Huckabee's Flip-Flop On The Human Life Amendment
By Spunky Posted in 2008 | Spotlight Blogs — Comments (27) / Email this page » / Leave a comment »
Mike Huckabee is now out stumping for votes using various versions of the question, "If you can't be honest before the election, can we trust you to be honest after the election?"
It's a good question and standard, so let's apply it to Huckabee.
From Mike Huckabee's official website we read,
"I support and have always supported passage of a constitutional amendment to protect the right to life. My convictions regarding the sanctity of life have always been clear and consistent, without equivocation or wavering." (emphasis added)
Sounds strong and convincing. But there's one problem, it's not true. Huckabee has not always supported a constitutional amendment to protect the right to life. In the spirit of "federalism" Huckabee once lobbied to bridge the divide between pro-choice and pro-life Republicans by revising the party platform on abortion.
Read on . . .
In 1995 Huckabee said,
"The issue divides strongly committed pro-life and pro-choice Republicans but is not a central issue to most other Republicans. A possible platform revision long under discussion would say the Republican Party, 'unlike the Democratic Party, does not stand for abortion on demand and is basically a pro-life party.' In the spirit of federalism, the proposed GOP revision also would replace the abortion amendment with a statement saying the issue should be left up to the individual state legislatures to deal with as each sees fit. 'That's exactly what we have looked for, and if it's left up to the states, more of them are going to put some restrictions on abortion,' Arkansas Lt. Gov. Mike Huckabee said in an interview after appearing on a conference panel yesterday." (Ralph Z. Hallow, "Conservatives Hold Fire On Abortion," Washington Times, 2/12/95)"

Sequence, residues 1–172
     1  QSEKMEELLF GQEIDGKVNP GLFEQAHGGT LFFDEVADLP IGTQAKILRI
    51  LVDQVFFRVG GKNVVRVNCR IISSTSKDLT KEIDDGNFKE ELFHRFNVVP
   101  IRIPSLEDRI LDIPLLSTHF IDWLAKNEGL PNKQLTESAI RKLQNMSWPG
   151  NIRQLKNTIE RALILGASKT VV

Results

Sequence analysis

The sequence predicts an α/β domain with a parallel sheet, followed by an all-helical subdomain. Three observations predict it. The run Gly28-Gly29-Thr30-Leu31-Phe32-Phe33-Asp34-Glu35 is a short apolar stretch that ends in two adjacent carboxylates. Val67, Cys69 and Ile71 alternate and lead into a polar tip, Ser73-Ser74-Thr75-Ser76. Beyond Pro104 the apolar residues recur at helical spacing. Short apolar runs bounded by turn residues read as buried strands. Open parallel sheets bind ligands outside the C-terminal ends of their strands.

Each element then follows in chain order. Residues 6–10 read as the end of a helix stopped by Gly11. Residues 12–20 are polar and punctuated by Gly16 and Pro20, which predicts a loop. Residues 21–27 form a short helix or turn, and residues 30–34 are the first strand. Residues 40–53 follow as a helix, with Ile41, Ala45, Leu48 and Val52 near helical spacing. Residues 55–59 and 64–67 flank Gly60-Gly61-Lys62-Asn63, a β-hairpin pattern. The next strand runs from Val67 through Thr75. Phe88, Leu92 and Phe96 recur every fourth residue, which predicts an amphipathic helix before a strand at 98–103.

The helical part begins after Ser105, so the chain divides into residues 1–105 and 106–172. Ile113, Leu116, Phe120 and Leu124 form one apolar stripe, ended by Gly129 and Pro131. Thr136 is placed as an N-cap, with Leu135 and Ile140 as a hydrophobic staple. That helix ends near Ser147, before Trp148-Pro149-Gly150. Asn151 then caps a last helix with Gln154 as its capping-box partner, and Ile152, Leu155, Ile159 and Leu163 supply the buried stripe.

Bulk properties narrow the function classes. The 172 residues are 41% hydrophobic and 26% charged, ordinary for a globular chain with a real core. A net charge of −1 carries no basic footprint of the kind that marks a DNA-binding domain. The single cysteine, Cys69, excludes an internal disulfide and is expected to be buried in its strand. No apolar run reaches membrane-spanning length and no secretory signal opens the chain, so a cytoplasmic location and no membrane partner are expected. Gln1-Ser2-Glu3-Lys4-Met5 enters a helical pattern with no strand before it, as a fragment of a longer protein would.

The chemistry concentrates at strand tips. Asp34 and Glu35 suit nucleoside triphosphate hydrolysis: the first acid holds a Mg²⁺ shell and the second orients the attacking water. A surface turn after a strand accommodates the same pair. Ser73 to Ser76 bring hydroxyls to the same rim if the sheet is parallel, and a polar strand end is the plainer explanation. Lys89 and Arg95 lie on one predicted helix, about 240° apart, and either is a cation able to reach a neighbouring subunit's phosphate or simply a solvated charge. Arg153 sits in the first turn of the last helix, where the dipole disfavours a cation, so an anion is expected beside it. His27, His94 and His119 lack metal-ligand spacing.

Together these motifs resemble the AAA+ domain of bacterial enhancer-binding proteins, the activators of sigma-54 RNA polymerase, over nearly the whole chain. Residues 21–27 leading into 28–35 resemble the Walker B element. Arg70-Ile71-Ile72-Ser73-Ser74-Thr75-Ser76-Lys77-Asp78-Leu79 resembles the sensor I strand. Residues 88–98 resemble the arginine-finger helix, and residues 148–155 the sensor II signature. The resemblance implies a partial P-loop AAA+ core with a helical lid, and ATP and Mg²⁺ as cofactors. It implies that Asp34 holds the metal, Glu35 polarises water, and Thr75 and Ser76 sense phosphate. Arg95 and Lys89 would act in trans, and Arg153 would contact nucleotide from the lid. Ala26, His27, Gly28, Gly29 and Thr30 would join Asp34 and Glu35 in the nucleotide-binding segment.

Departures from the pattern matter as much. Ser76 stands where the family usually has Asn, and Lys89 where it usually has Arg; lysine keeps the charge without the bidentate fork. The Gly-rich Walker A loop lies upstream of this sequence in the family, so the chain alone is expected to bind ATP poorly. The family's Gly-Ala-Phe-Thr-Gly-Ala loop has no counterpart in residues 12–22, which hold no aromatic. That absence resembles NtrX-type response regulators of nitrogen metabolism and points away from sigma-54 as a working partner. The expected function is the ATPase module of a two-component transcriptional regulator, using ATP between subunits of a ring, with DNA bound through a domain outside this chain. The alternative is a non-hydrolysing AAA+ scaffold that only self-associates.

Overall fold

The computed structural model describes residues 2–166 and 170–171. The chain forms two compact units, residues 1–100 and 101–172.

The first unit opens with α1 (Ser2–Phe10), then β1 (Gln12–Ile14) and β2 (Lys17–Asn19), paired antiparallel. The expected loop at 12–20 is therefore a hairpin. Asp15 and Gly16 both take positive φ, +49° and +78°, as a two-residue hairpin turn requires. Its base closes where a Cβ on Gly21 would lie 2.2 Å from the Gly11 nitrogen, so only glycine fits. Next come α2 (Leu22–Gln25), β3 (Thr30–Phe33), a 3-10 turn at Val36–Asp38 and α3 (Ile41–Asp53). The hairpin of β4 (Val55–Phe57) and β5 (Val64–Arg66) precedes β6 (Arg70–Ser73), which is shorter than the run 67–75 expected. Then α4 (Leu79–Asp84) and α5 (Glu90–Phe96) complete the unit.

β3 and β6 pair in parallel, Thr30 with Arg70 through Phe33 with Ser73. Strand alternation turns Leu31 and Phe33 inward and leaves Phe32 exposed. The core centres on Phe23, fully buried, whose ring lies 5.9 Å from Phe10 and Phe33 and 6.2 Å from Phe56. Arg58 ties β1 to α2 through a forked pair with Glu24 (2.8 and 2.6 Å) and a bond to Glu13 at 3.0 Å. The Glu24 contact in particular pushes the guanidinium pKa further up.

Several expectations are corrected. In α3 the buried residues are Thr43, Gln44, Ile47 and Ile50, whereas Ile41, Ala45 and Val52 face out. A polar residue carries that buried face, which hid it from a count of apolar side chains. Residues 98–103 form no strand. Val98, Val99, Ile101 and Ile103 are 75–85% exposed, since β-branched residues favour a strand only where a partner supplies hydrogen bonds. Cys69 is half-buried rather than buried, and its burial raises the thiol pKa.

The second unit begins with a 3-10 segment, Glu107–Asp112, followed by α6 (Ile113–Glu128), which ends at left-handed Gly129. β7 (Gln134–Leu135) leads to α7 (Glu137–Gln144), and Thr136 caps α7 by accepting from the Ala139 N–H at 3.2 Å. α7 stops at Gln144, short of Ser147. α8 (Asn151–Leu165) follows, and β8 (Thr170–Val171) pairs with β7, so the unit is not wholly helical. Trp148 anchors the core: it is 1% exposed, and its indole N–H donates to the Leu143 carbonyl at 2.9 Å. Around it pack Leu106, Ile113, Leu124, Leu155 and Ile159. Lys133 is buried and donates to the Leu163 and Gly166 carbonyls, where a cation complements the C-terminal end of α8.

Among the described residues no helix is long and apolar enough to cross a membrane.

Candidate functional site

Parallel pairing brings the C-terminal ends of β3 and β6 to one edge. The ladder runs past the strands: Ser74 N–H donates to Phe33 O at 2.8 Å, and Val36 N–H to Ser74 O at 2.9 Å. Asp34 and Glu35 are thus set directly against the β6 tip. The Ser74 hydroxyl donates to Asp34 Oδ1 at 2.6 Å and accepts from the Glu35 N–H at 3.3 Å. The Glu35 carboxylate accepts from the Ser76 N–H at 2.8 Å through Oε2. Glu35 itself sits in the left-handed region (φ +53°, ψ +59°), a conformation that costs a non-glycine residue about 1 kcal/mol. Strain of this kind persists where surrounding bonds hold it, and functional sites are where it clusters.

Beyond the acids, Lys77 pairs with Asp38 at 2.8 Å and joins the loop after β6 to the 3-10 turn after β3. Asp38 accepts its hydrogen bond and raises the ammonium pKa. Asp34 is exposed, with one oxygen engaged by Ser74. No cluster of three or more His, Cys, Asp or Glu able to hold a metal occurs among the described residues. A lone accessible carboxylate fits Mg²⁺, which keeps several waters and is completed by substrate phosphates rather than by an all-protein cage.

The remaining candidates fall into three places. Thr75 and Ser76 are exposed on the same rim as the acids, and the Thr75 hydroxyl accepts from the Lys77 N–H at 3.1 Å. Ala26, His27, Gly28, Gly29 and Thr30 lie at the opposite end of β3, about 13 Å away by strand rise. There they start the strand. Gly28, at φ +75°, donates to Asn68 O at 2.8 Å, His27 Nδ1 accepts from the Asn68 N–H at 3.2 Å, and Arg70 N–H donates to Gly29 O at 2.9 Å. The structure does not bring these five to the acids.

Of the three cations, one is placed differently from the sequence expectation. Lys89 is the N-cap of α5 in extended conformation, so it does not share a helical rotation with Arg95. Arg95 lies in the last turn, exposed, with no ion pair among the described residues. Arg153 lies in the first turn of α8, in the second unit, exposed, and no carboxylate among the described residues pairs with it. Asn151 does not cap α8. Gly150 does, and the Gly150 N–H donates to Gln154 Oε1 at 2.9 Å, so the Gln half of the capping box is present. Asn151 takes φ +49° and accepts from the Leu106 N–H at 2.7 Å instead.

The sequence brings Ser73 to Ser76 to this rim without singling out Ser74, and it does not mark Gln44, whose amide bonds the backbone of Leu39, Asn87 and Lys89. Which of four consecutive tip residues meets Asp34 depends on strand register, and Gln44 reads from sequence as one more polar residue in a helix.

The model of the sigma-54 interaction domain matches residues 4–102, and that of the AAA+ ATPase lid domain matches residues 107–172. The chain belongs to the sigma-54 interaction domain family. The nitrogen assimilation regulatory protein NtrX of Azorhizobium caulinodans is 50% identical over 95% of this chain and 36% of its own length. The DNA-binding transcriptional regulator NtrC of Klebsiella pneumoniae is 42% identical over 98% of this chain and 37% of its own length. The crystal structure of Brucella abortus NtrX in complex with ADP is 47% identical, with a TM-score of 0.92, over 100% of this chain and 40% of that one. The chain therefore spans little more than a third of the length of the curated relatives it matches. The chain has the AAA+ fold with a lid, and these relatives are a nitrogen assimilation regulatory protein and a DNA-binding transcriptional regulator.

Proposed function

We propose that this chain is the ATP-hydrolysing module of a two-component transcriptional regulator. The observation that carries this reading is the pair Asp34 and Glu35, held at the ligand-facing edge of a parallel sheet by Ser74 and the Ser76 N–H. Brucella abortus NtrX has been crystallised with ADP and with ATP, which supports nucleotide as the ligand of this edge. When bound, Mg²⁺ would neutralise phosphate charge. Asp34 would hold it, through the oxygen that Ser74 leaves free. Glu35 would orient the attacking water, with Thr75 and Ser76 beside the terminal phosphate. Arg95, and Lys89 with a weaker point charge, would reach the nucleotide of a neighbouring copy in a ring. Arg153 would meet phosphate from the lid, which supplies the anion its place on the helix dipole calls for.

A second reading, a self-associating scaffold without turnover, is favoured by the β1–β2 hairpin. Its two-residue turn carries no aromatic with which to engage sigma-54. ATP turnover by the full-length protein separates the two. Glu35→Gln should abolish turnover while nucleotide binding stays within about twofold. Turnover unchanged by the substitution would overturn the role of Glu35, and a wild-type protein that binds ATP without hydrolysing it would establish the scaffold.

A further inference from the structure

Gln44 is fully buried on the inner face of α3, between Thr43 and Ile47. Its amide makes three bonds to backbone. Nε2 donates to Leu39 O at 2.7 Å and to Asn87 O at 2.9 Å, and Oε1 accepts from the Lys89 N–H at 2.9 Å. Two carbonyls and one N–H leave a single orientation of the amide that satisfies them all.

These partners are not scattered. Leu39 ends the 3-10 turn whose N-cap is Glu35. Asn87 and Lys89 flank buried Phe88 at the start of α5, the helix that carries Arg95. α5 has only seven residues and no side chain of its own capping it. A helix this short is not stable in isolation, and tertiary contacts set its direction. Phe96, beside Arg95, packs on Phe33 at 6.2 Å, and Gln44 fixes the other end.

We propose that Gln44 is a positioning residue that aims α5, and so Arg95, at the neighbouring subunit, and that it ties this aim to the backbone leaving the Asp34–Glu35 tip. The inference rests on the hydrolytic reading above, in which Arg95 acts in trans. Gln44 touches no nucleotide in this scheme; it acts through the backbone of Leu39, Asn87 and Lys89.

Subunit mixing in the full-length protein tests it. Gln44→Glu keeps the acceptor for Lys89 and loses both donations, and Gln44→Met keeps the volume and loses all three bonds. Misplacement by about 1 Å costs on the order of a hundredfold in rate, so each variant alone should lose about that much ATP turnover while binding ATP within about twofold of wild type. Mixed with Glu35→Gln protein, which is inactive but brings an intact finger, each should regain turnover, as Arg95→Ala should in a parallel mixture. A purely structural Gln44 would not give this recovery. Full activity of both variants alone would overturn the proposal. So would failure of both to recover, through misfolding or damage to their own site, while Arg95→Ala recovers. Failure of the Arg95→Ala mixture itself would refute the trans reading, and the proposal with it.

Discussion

More recently in 2006, Huckabee was interviewed by John Hawkins and said,
"[I] think Roe v. Wade is based on a real stretch of Constitutional application -- that somehow there is a greater privacy issue in the abortion concern -- than there is a human life issue -- and that the federal government should be making that decision as opposed to states making that decision. So, I've never felt that it was a legitimate manner in which to address this and, first of all, it should be left to the states, the 10th Amendment, but secondly, to somehow believe that the taking of an innocent, unborn human life is about privacy and not about that unborn life is ludicrous."
So up until 2006, Huckabee saw abortion as an issue that should be left up to the states not a federal issue. Now watch as Huckabee talks to Chris Wallace about his position as opposed to other candidates on Fox News Sunday, November 18, 2007.
So one year later, in an attempt to distinguish himself from the other candidates, he said he's never changed his position, that a federalist position was "not good enough" and on moral issues you can't have 50 versions of right and wrong. He is openly critical and amazed that Thompson does not support a human life amendment because it had been part of the Republican platform since 1980. He never mentions that up until last year, he held the same position or that he once sought to change the party platform in to reflect a state's rights position.
Clearly, Huckabee has switched his position on a constitutional amemdment despite what he said to Chris Wallace or his website now claims.
"If you can't be honest before the election, can we trust you to be honest after the election?"
Can we trust Huckabee to be honest after the election? I suppose the answer hinges upon your definition of the word "always."